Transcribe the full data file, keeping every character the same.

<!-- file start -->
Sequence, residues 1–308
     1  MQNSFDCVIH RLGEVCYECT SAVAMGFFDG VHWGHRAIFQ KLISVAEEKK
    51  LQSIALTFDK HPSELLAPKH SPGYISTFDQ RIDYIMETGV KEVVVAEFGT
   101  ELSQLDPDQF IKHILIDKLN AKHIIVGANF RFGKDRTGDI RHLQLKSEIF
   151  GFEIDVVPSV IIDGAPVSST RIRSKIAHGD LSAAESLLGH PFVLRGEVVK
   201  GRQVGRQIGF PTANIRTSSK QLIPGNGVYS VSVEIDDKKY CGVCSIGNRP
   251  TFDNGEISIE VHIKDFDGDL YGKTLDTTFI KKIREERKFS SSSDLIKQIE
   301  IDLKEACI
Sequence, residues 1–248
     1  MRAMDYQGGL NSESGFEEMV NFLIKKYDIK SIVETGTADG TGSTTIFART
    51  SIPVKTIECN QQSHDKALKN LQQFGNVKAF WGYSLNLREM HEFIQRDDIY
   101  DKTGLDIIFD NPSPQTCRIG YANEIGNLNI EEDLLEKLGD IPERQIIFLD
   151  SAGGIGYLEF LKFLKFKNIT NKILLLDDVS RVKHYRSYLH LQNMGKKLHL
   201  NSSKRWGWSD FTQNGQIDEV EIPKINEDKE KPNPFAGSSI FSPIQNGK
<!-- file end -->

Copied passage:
Sequence, residues 1–308
     1  MQNSFDCVIH RLGEVCYECT SAVAMGFFDG VHWGHRAIFQ KLISVAEEKK
    51  LQSIALTFDK HPSELLAPKH SPGYISTFDQ RIDYIMETGV KEVVVAEFGT
   101  ELSQLDPDQF IKHILIDKLN AKHIIVGANF RFGKDRTGDI RHLQLKSEIF
   151  GFEIDVVPSV IIDGAPVSST RIRSKIAHGD LSAAESLLGH PFVLRGEVVK
   201  GRQVGRQIGF PTANIRTSSK QLIPGNGVYS VSVEIDDKKY CGVCSIGNRP
   251  TFDNGEISIE VHIKDFDGDL YGKTLDTTFI KKIREERKFS SSSDLIKQIE
   301  IDLKEACI
Sequence, residues 1–248
     1  MRAMDYQGGL NSESGFEEMV NFLIKKYDIK SIVETGTADG TGSTTIFART
    51  SIPVKTIECN QQSHDKALKN LQQFGNVKAF WGYSLNLREM HEFIQRDDIY
   101  DKTGLDIIFD NPSPQTCRIG YANEIGNLNI EEDLLEKLGD IPERQIIFLD
   151  SAGGIGYLEF LKFLKFKNIT NKILLLDDVS RVKHYRSYLH LQNMGKKLHL
   201  NSSKRWGWSD FTQNGQIDEV EIPKINEDKE KPNPFAGSSI FSPIQNGK